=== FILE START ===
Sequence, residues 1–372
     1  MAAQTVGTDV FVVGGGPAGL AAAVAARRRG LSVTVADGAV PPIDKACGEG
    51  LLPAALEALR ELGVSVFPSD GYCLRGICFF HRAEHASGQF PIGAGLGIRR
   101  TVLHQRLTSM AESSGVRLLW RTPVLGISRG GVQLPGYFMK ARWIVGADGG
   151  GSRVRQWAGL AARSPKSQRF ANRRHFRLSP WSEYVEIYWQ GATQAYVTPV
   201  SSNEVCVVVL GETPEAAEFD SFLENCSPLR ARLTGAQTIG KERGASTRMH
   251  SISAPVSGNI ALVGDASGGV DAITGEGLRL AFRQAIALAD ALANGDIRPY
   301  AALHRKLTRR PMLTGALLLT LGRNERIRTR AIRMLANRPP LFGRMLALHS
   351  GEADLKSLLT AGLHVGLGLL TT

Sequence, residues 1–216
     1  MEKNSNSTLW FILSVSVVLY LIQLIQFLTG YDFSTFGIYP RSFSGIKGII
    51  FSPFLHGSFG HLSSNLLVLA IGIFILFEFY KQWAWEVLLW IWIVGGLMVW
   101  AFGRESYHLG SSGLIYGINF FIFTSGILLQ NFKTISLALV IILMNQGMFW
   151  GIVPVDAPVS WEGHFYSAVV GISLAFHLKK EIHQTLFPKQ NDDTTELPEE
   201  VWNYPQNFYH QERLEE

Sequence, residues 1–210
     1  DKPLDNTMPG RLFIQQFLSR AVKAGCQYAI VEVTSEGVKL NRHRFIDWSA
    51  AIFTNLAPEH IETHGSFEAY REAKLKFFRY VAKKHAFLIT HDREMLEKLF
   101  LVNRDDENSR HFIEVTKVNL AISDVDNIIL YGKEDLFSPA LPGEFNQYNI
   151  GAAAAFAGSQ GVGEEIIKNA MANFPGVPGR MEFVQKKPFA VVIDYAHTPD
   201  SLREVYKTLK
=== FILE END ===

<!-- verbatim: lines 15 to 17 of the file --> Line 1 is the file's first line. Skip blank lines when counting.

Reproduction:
   201  VWNYPQNFYH QERLEE

Sequence, residues 1–210
     1  DKPLDNTMPG RLFIQQFLSR AVKAGCQYAI VEVTSEGVKL NRHRFIDWSA